The VETERINARY POISONS INFORMATION SERVICES has launched a new service for pet owners.
If you think your pet has been exposed to anything you are concerned about CALL 01202 509000 for expert advice 24 hours a day (Charges apply – please see their website for details).
This poison line is a triage service to let you know if a trip to the vet is required.
Is your rabbit vaccination due?
We regret to inform you that there is a temporary shortage of rabbit vaccine in the UK at the moment. We buy our vaccines from the manufacturer MSD Animal Health and, due to an unexpected production delay, the company is temporarily experiencing a short supply with its rabbit vaccine.
If your rabbit is due for a vaccination during now and June, we would recommend as a matter of urgency that you contact us to provisionally book an appointment at one of a limited number of rabbit vaccination clinics we will be running over this period.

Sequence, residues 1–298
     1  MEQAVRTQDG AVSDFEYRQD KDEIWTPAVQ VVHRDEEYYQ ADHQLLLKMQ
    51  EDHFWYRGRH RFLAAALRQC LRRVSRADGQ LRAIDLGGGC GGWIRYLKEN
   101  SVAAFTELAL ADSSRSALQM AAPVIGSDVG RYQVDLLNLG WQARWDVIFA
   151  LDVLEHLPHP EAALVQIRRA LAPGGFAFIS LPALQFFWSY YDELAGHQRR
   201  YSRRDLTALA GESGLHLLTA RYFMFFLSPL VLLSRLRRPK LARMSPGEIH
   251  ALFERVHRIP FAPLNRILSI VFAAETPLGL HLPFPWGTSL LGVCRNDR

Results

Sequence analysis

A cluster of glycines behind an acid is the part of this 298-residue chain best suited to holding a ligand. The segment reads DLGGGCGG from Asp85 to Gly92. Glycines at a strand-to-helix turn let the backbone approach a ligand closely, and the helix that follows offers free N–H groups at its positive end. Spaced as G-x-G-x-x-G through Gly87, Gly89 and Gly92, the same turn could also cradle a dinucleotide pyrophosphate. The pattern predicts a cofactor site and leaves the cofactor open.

Please accept our sincere apologies for any inconvenience that this situation may cause.
If your rabbit appears unwell or you are concerned at any time please contact us.
Welcome Jessica Ford
We are excited to welcome Jessica Ford to our practice. Jessica graduated from the Royal Veterinary College, University of London in 2013. Since graduating Jessica has begun specialising in Cardiothoracic medicine and has a special interest in soft tissue surgery.
Jessica joined our practice on 20 February 2017 and is primarily based at our High Wycombe surgery. She looks forward to meeting you and your pets in the near future.
Stokenchurch Dog Rescue
We'd love forever home!
We do a lot of work with Stokenchurch Dog Rescue and are proud to support this great charity. Each week one of our vets and nurses visits the charity to do check-ups and vaccinations. Here are a few pictures taken at our last visit.
There are many wonderful dogs desperately waiting to be adopted so please consider pet adoption before purchasing your dog from a breeder.
Visit their website for more information on pet adoption stokenchurchdogrescue.org.uk
Happy Retirement Malcolm Walters!
While it is a happy event as we celebrate Malcolm’s decision to retire and enjoy his new found free time, we are so sad to see Malcolm leave us on 2 December 2016.
Malcolm has been instrumental from the start in building Crossroads Veterinary Centre and growing it to what is today. In 1974 Malcolm joined the practice that Mellis Archard founded in 1958. Malcolm became a partner in April 1975 at which time only our High Wycombe surgery existed.